- Colorado Student Data Privacy Bill - What EdTech Software Providers Need To Know
- August 16, 2016 | Authors: Cynthia J. Larose; Julia M. Siripurapu
- Law Firm: Mintz, Levin, Cohn, Ferris, Glovsky and Popeo, P.C. - Boston Office
Colorado is the latest state to revisit, and expand upon, its laws pertaining to the use and protection of student data. Colorado Governor John Hickenlooper recently signed into law House Bill 16-1423 (the “Bill”) designed to increase the transparency and security of personal information about students enrolled in Colorado’s public education system (K-12). Described by its sponsors and the media as “nation-leading” with respect to the extremely broad scope of the definition of “student personally identifiable information”, the Bill imposes additional, detailed requirements on the Colorado Department of Education, the Colorado Department of Education, the Colorado Charter School Institute, school districts, public schools, and other local education providers (each, a “Public Education Entity”) and commercial software providers (including education application providers) with respect to the collection, use, and security of student data. In this blog post, we focus only on the duties of commercial software or education application providers.
What software providers are covered by the Bill?
The Bill covers primarily commercial software providers that enter into a negotiated agreement for school services with a Public Education Entity (“School Service Contract Providers”). A school service is “any Internet website, online service, online application, or mobile application that is (i) designed and marketed primarily for use in a preschool, elementary school, or secondary school, (ii) is used at the direction of teachers or other employees of a local education provider, AND (iii) which collects, maintains, or uses student personally identifiable information.” A “school service” is not a website, online service or application, or mobile app designed and marketed for use by individuals or entities generally, even if it is also marketed to a U.S. preschool, elementary school or secondary school, but the key to covered entities here will turn on whether software or an application is “designed and primarily marketed.”
What type of information is protected by the Bill?
The Bill covers “student personally identifiable information,” which is very broadly defined as “information that, alone or in combination, personally identifies an individual student or the student’s parent or family, and that is collected, maintained, generated, or inferred by a public education entity, either directly or through a school service, or by a school service contract provider or school service on-demand provider.”
What does a “School Service Contract Provider” have to do to comply with the Bill?
- Data Use Obligations/Restrictions:
- Not sell student personally identifiable information, except in the event of a purchase, merger, or other type of acquisition of the provider or any assets of the provider by another entity provided that the successor continues to be subject to all of the requirements of the Bill with respect to the acquired student PII.
- Not use or share student PII for targeted advertising (defined as “selecting and sending advertisements to a student based on information obtained or inferred over time from the student’s online behavior, use of applications, or personally identifiable information”), with certain exceptions set forth in the Bill.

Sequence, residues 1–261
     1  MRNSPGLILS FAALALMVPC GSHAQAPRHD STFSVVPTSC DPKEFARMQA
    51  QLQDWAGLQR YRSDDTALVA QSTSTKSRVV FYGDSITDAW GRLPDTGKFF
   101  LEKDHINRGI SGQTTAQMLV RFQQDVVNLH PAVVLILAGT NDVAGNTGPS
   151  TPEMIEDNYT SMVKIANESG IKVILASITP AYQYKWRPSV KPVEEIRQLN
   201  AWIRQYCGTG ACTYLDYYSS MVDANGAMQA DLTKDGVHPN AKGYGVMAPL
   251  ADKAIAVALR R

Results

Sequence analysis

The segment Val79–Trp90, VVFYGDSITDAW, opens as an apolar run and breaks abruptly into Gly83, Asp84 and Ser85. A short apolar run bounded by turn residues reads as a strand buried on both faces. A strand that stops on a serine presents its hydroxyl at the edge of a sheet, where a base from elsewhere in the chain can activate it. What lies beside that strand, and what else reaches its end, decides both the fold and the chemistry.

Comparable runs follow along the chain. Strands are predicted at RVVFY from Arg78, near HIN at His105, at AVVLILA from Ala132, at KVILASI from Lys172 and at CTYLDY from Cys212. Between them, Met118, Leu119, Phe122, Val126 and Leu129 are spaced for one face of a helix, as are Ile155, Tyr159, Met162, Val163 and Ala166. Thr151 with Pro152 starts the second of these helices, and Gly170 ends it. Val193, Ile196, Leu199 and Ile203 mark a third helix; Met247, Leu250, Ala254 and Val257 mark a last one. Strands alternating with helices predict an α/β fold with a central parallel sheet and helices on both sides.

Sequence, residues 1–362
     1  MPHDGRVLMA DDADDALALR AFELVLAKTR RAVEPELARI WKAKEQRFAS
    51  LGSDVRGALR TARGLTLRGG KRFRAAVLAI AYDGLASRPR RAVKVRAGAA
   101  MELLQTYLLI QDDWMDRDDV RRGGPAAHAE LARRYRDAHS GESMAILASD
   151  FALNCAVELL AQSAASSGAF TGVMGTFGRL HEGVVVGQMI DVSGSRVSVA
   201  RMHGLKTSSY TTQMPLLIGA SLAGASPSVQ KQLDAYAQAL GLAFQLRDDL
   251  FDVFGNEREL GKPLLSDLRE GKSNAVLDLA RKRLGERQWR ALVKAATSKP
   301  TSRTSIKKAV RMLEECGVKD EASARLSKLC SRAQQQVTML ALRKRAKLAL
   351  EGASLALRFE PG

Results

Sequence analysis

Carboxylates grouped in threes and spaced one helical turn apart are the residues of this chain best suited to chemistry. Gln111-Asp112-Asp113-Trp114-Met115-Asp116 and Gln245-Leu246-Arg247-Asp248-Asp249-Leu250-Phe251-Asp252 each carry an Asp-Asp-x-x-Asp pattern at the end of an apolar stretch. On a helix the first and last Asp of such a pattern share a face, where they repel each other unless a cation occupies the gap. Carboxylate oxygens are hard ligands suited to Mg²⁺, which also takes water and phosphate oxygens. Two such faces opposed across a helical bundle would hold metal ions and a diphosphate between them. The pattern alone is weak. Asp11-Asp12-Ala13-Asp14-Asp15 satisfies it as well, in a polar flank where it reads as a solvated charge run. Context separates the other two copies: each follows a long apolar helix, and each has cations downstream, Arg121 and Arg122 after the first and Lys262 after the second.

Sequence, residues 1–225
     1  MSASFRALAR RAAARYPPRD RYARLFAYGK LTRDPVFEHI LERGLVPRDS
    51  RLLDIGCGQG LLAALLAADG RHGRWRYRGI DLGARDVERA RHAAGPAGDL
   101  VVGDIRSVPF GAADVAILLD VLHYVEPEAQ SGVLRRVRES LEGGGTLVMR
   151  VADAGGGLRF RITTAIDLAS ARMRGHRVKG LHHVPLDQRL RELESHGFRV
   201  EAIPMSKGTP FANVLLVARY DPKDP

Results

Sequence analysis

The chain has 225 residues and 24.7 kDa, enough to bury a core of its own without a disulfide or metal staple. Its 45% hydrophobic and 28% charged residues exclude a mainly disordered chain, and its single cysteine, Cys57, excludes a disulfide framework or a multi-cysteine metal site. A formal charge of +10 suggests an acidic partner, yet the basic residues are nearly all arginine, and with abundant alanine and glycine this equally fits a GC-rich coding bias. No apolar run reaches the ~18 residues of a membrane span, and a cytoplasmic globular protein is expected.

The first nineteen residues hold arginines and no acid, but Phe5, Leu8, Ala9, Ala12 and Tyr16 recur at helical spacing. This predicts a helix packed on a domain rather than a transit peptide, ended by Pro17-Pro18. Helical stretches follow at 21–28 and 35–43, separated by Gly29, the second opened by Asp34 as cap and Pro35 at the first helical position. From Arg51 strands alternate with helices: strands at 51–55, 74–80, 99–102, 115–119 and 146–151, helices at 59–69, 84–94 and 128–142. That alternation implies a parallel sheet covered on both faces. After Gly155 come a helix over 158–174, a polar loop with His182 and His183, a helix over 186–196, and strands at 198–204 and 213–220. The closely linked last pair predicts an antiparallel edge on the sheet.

- Not use student PII to create a personal profile of a student, except (i) for supporting purposes authorized by the contracting public education entity or (ii) with the consent of the student (if the student is at least 18 or legally emancipated) or the student’s parent.The Bill contains a list of exceptions to the use and disclosure restrictions described above (e.g., legal or regulatory compliance purposes and user safety) and a list of permitted uses of student PII (e.g., to use adaptive learning or design personalized or customized education or to maintain, develop, support, improve, or diagnose a provider’s website, online service, online application, or mobile application).
- Data Transparency:
- If requested, facilitate access to and correction of any factually inaccurate student PII held by the provider.
- Upon discovering misuse or unauthorized release of student PII held by the provider, subcontractors, or subsequent subcontractors, notify the applicable Public Education Entity as soon as possible, regardless of whether the misuse or unauthorized release is a result of a material breach of the agreement with the entity.
- Disclose student PII to a subcontractor (and a subcontractor may share with a subsequent subcontractor) only if the provider contractually requires the subcontractor (and the subcontractor requires the subsequent subcontractor) to comply with specific requirements of the Bill.
- Data Security/Destruction:
- Maintain a comprehensive information security program (including appropriate administrative, technological, and physical safeguards) reasonably designed to protect the security, privacy, confidentiality, and integrity of student PII.
- Subject to certain exceptions, during and after termination of the agreement with a Public Education Entity, destroy (defined as “removing student personally identifiable information so that it is permanently irretrievable in the normal course of business”) student PII within the time period set forth in the Bill and notify the applicable entity of the destruction date
Although the effective date is August 10, 2016, if you are a “Contract Provider” or an “On-Demand Provider” under the Bill, this is the time to begin thinking about what kind of changes you may need to make in your processes and procedures and to put in place an implementation plan to be compliant with the Bill by its effective date.